New York, New York (so good they named it twice), has the formidable reputation of being one of the most exciting cities in the world. The spectacular skyline of Manhattan, although tragically redefined after the World Trade Centre disaster, remains distinctively recognisable.
King Kong�s favourite, the Empire State Building, has dominated the skyline for more than 70 years. Boasting 102 storeys and standing 1472 feet tall, including television antenna, it is still ranked amongst the tallest buildings in the world, and visitors welcomed to the 86th floor may enjoy visibility of up to 80 miles on a clear day, but on an average day it is likely to be between 10 and 20 miles.
However, the most enduring of America�s symbols has to be the Statue of Liberty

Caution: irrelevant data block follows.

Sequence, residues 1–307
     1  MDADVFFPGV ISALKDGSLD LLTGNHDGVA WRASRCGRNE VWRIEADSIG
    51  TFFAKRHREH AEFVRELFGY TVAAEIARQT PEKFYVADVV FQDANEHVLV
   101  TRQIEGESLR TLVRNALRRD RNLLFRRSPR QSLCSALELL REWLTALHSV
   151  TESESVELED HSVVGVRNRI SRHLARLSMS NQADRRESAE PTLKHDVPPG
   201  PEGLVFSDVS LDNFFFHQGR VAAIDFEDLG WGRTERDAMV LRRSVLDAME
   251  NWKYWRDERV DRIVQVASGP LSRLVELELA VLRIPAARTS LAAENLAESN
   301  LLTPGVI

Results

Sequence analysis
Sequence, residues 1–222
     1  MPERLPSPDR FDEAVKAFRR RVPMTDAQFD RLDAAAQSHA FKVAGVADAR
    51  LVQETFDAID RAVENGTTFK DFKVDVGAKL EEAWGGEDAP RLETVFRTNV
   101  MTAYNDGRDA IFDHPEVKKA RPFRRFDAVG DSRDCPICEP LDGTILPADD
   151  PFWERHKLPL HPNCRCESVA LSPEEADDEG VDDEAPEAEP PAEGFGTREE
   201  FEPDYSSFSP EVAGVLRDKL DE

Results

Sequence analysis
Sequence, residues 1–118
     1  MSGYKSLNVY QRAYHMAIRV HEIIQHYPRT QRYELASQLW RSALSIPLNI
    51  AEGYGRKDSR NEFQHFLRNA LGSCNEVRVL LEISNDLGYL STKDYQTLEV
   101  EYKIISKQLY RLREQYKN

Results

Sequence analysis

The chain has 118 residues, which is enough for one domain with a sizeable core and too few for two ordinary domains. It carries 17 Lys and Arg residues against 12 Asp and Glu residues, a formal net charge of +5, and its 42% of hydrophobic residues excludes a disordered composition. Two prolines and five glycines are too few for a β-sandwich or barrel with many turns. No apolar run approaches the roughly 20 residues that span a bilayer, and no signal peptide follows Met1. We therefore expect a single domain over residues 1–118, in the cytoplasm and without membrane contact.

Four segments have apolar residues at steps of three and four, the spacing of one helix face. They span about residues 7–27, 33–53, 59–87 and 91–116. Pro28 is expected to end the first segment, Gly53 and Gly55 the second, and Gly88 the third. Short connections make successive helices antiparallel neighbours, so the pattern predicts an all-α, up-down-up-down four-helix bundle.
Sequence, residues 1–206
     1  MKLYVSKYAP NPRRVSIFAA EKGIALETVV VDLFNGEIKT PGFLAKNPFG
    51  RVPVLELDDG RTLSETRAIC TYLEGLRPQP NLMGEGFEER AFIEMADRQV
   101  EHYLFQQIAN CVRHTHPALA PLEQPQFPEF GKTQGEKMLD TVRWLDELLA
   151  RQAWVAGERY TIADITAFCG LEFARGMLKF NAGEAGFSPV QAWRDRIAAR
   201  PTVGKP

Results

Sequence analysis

. On her pedestal she is 305 metres high, holding a torch and clutching a stone tablet inscribed with the Declaration of Independence.
Since 1886 the statue has served as a symbol of freedom to all.
Positioned on Liberty Island in New York Harbour, the statue was one of the first landmarks visible to immigrants in search of the American Dream, and it was thanks to those early immigrants that the city boasts such a variety of ethnic neighbourhoods from Chinatown to Little Italy.
Where else but New York, New York could you find such a marketplace of cultures and contrasts? From artsy SoHo and Tribeca to Wall Street, Fifth Avenue to Spanish Harlem.
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See our other reports from New York.